The protocol allows EMT Basics to administer IM/IN naloxone to a person suspected of experiencing a narcotic/opioid overdose. Advanced EMTs can administer IM/IN as well as intravascular (IV) and intraosseous (IO). Best practice in responding to the respiratory depression of a narcotic overdose is to restore breathing as soon as possible which is achieved by immediate naloxone administration and ventilatory support. To achieve this, Utah state law even allows nonmedical bystanders to administer naloxone both IM and IN. Thousands of laypersons in Utah have been trained and equipped with intramuscular naloxone rescue kits and have saved more than 2,200 lives as of 07/2018.
It is a priority statewide to increase availability and access to naloxone. The Utah State Opioid Task Force, the Attorney General’s Office, the Drug Enforcement Agency, the Utah Department of Health, the Division of Substance Abuse and Mental Health, and many community entities all support efforts to increase first responder use of naloxone to reverse an opioid overdose. Protocols allowing EMS responder administration of naloxone via IM and IN routes will increase naloxone in our communities and result in lives saved. Agencies interested in training or education on the opioid crisis and on the administration of naloxone can access resources by contacting Utah Naloxone (UtahNaloxone@gmail.com).
A Word From Our Program Manager
In the words of William Blake, “In seed time learn, in harvest teach, in winter enjoy.” I admit I enjoy the winter. I appreciate this time for rejuvenation and planning. I also appreciate the beauty of the snow blanketing our mountains, protecting and nourishing the resting seeds that will gingerly raise their heads in the spring. To me the snow is like the wrapping paper for Nature’s gifts that will be ripped open by the sun and rain in the spring, summer and the fall. I know . . . haters are going to hate, but I enjoy.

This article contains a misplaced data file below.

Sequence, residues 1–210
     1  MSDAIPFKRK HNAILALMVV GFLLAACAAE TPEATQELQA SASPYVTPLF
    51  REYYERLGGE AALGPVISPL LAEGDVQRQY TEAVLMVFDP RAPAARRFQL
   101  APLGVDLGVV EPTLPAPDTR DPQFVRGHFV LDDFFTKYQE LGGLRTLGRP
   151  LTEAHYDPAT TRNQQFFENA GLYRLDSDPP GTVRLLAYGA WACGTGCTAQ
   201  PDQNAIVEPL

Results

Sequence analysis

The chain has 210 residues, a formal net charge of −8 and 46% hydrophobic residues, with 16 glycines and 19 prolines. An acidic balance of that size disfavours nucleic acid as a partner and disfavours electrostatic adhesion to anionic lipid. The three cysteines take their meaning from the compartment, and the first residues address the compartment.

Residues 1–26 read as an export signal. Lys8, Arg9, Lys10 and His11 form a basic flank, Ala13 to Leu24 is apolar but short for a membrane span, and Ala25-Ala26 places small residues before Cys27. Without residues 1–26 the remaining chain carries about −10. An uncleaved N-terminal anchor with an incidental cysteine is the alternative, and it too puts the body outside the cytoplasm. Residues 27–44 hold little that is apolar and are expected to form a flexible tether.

As you sit by the fire with a cup of your favorite hot beverage, I’d like to draw your attention to some reading material that may be of interest to you. I have referenced the Children’s Safety Network in our newsletters before and will continue to do so. They have some very interesting articles and information on topics relevant to your work. The current issue provides journal articles, information in the media, resources, and research on topics like opioids, suicide, bullying, prevention and TBI. Their website is https://www.childrenssafetynetwork.org/.
Whether you are enjoying winter’s embrace or anxiously waiting for spring, the staff of the EMSC program would like to thank you for your service and commitment in taking care of injured and ill children in Utah. Your efforts save lives and make a difference. You are appreciated. Please continue to contact us for prevention and education resources. Your suggestions for speakers, resources and materials are always welcome. And . . . Happy Valentine’s Day!
Pediatric Education and Trauma Outreach Series (Petos)
Thursday, Feb. 7th, 3pm
475 300 East
Salt Lake City, UT
Pediatric Grand Rounds - Children and Traumatic Stress - Detection, Assessment, and Intervention Strategies for Pediatric Providers
Thursday, Feb. 28th, 8am
100 Mario Capecchi Drive
Salt Lake City, UT
Looking for a PEPP Class?
EMSC Pediatric Education for Prehospital Providers
Register online at peppsite.org. Look up classes in Utah and find the one that will work for you. Once you find the class, go to jblearning.com, and look up pepp als in the search tool. Purchase the number ($18.95). Return to peppsite.org to register for the class and follow the prompts.
If you have any questions, please email Erik Andersen at email@example.com or text/call 435-597-7098. Continue to watch the website for additional classes.
Emergency Medical Services for Children, Utah Bureau of EMS and Preparedness
The Emergency Medical Services for Children (EMSC) Program aims to ensure that emergency medical care for the ill and injured child or adolescent is well integrated into an emergency medical service system. We work to ensure that the system is backed by optimal resources and that the entire spectrum of emergency services (prevention, acute care, and rehabilitation) is provided to children and adolescents, no matter where they live, attend school, or travel.